A four person cycling team of An Post workers are taking part in the grueling 555k Donegal Atlantic Ultra Race this weekend to help a little Rathmullan girl with a rare eye condition.
Little Éabha Lynch, who is just 20 months old, couldn’t open her eyes when she was born. She had emergency surgery at seven weeks old after being diagnosed with a rare genetic condition. Éabha will continue to need surgery for the rest of her life to prevent her eye lids from falling.
Éabha’s parents Paul and Laura Lynch will always keep the Temple St. Children’s Hospital charity close to their heart after they saved her from blindness.
Laura said, “I knew something was off when Éabha was born, I sensed it. It was just a feeling, but enough of one to tell me that something was not right. I’ve welcomed three other beautiful children into this world, and I understood the swollen nature of a baby fresh out of the womb, but Éabha just couldn’t open her eyes.”
“When we got a referral to Temple Street Children’s Hospital, when Éabha was 7 weeks old, they immediately booked her in for surgery and the next morning after she was diagnosed she was operated on.
“The surgery was performed on both her eye lids and since then she has had 2 of the same operations & she will continue to have these operations on both her eyes for the rest of her life. We were told that if she had not been diagnosed by 12 weeks she could have been diagnosed as blind, a worrying thought for any parent.”
Even though neither Paul or Laura carry the gene, Éabha is one in 50,000 people who have been diagnosed with this & only 3 people that they know of have this rare condition in Ireland.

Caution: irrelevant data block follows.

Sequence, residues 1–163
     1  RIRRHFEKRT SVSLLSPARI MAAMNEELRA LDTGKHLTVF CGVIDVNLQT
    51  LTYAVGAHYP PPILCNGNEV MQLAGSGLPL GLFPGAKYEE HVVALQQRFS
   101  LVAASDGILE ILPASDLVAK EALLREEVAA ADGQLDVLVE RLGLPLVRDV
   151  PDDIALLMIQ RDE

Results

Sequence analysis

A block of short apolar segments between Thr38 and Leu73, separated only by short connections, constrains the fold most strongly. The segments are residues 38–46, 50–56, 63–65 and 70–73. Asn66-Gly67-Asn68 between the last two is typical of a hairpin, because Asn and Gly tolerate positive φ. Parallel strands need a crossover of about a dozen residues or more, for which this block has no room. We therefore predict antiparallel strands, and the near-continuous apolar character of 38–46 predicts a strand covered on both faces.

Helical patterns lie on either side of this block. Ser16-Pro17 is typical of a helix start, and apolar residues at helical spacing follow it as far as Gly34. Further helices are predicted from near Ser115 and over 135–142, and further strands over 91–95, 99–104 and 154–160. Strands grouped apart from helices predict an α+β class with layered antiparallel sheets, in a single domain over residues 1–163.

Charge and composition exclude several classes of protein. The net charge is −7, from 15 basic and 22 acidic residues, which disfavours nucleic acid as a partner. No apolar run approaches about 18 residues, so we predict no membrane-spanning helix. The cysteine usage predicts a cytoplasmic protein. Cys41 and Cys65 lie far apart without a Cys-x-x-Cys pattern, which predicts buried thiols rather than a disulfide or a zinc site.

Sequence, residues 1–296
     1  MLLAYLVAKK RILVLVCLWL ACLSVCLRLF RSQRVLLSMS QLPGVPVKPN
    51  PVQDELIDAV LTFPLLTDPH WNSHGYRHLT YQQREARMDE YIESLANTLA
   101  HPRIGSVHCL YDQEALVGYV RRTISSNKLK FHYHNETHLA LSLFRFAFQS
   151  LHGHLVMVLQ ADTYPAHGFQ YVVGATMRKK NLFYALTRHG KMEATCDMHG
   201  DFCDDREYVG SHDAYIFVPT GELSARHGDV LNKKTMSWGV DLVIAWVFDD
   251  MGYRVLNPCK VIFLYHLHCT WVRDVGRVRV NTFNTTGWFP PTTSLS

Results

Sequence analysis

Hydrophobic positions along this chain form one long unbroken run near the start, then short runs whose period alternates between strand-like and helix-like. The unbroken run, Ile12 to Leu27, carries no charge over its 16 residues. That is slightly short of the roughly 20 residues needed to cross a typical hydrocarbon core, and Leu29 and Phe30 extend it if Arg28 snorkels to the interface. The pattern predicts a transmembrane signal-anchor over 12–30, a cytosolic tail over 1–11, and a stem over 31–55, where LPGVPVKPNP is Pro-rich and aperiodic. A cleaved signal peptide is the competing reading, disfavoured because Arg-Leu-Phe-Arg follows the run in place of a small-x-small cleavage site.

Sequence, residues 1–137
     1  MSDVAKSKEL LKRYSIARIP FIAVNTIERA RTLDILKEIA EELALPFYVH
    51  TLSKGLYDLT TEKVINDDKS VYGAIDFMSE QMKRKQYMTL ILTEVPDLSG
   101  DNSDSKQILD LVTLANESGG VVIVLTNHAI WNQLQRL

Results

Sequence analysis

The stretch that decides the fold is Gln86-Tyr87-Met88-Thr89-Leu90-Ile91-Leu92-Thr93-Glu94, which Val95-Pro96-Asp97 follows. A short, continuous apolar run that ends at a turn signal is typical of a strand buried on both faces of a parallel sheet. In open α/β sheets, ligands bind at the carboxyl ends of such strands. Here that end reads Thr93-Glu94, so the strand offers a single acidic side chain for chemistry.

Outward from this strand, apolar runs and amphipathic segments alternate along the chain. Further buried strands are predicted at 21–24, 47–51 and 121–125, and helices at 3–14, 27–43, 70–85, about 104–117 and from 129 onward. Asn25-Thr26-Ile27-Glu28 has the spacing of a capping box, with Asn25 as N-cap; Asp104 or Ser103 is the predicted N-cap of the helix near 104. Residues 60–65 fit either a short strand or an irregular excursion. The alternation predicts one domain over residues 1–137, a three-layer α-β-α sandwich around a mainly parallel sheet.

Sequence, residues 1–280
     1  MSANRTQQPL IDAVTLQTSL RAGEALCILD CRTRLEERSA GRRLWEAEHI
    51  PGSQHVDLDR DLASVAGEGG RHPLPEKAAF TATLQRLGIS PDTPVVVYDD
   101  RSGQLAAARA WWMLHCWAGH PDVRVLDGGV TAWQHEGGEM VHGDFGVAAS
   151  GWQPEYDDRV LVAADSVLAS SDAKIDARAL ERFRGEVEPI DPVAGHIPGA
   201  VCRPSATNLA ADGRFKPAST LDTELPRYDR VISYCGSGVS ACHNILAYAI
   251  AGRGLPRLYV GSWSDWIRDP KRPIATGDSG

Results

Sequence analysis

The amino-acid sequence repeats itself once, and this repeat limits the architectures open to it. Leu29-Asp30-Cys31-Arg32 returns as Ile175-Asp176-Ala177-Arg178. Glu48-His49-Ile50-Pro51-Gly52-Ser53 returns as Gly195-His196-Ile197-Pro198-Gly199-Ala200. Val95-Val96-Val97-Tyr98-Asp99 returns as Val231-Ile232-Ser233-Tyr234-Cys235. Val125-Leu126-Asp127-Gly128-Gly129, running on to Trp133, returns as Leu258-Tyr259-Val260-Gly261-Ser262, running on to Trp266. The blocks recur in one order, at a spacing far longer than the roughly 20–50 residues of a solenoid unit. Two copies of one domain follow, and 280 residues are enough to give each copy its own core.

Paul and Laura both cannot thank the consultants, doctors, nurses and staff at Temple Street Children’s Hospital enough for their support and they are delighted at any opportunity they can get to not only create awareness of the condition but to give back to the hospital in any small way for the support and care that Éabha and they have received.
Paul and three workmates at An Post, Paul Herrity, Paul Crampsie and Martin McGinley are taking part in the 555km Donegal Atlantic Way Ultra cycling race this weekend to raise funds for Temple Street Children’s Hospital.
Éabha regularly attends the Neurologist, the Speech and Language and the Dietician clinics at Temple Street all of which is an important part of Éabha’s recovery after and before her operations.
Doting dad Paul says there are some key symptoms to look out for with BPES:
“Éabha’s eye sight is not great, she has impaired vision and her eye lids will continue to fall which is why she will need surgery for the rest of her life. BPES although is a rare condition there are symptoms that can be looked out for at birth.
“Eyes not opening after birth, a child having a broad nasal bridge, low set ears and a shortened distance between the nose and upper lid.”
Éabha will be very proud of her Daddy and his colleagues when they complete the race, just as they are proud of her strength.
“Éabha is the apple of her family’s eyes and she brightens up everyone’s day that comes in contact with, especially her sister and her two brothers and we are all very proud of her and love her very much, even after all she has gone through and will always have to go through, she still manages to smile,” said Paul.
The lads and Laura would like to thank everyone who already donated through their sponsorship cards and if you would like to donate to the An Post LK Temple Street Charity you can contact Paul Lynch, Paul Crampsie, Paul Herrity or Martin McGinley or you can log onto the idonate page https://www.idonate.ie/fundraiser/11365701_an-post-lk-wild-atlantic-way-555klm-ultra-race-temple-street-foundation.html.
Full details on their Facebook Page https://www.facebook.com/AnPostLetterkennyCharityCycle/